Introduction:The purpose of this investigation was to determine the impact of simulator practice on task completion time, radiation use, success rate, and overall quality in a simulation of placing a distal locking screw.Methods:This was a prospective, randomized control trial with one-to-one randomization and parallel group design. Twenty-eight volunteer novice trainees (medical and premedical students) participated. Using the TraumaVision Virtual Reality Simulator (Swemac, Sweden), subjects performed locking screw placement using the "perfect circle"technique. All subjects underwent a pretest and posttest on the simulator. The simulator group completed three additional simulator training sessions. The primary outcome variables were simulator-collected task completion time, success rate, radiation exposure time, and overall score.Results:No notable difference existed between groups for pretest completion time, radiation use, success rate, or overall score. No notable difference in posttest radiation use or overall procedure score was found between groups. A significant difference existed in posttest total completion time (trained = 251.2 ± 103.4; control = 497.3 ± 223.1; P = 0.001) and success rate (64.3% versus 100%; P = 0.041) between groups. In addition, a significant difference existed in variance between groups for completion time (P = 0.029).Conclusions:These findings suggest that independent simulator practice leads to improved speed and success rates; however, radiation use and overall score do not improve in the same manner. The design of simulator-based curriculum must be tailored to specific educational objectives and ultimately validated in the clinical setting.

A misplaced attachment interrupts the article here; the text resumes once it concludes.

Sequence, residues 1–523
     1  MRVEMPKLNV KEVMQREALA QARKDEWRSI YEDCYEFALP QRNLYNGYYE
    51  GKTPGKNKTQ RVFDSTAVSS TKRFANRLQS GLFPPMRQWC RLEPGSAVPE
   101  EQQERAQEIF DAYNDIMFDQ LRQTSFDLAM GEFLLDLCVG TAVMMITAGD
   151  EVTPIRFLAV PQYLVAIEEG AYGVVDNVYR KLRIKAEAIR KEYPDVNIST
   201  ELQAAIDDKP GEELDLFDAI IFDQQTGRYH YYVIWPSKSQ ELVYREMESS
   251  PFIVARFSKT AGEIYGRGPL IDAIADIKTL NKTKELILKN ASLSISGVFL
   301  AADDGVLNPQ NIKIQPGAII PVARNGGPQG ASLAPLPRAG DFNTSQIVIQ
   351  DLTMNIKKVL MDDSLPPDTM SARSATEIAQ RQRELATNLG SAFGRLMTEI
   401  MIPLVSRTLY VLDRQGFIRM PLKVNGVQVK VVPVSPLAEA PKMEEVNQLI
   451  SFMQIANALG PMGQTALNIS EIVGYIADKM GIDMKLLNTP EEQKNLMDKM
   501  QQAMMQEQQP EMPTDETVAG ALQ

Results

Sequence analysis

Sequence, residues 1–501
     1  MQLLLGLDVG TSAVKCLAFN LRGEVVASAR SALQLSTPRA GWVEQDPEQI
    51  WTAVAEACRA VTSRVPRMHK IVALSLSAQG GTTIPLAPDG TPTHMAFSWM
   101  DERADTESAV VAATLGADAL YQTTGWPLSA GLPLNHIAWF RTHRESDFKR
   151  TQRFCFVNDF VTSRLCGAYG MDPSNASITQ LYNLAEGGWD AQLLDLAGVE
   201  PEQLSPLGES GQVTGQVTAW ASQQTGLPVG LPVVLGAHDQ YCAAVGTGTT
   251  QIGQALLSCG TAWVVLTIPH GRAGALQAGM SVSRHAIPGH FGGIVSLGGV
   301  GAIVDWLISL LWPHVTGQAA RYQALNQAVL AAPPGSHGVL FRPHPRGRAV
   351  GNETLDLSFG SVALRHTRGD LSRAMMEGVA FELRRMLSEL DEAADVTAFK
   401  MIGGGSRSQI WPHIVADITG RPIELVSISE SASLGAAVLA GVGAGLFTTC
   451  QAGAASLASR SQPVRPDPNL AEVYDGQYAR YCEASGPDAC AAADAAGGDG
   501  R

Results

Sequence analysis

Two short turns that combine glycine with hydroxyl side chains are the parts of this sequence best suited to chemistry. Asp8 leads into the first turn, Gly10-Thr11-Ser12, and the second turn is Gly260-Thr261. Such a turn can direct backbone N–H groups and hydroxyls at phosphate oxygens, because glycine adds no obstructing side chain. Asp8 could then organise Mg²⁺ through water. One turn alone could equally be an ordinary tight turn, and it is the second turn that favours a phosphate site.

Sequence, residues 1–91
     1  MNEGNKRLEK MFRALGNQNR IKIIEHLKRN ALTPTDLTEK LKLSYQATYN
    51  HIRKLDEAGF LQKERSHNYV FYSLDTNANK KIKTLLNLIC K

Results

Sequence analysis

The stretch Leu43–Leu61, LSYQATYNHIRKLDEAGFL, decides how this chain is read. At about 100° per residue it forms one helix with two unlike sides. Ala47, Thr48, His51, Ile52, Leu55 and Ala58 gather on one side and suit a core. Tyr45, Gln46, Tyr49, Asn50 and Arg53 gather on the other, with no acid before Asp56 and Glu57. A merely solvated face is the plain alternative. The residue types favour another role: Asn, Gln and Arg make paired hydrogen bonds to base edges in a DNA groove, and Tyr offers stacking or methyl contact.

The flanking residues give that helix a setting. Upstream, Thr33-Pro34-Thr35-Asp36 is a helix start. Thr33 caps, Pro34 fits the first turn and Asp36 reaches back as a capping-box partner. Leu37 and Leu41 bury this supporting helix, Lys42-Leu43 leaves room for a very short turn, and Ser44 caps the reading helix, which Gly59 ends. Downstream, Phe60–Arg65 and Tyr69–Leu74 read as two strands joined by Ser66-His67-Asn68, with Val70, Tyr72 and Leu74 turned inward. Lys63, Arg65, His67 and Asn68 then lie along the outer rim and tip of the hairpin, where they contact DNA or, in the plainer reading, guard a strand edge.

|Number of pages||8|
|Journal||The Journal of the American Academy of Orthopaedic Surgeons|
|State||Published - 15 Mar 2021|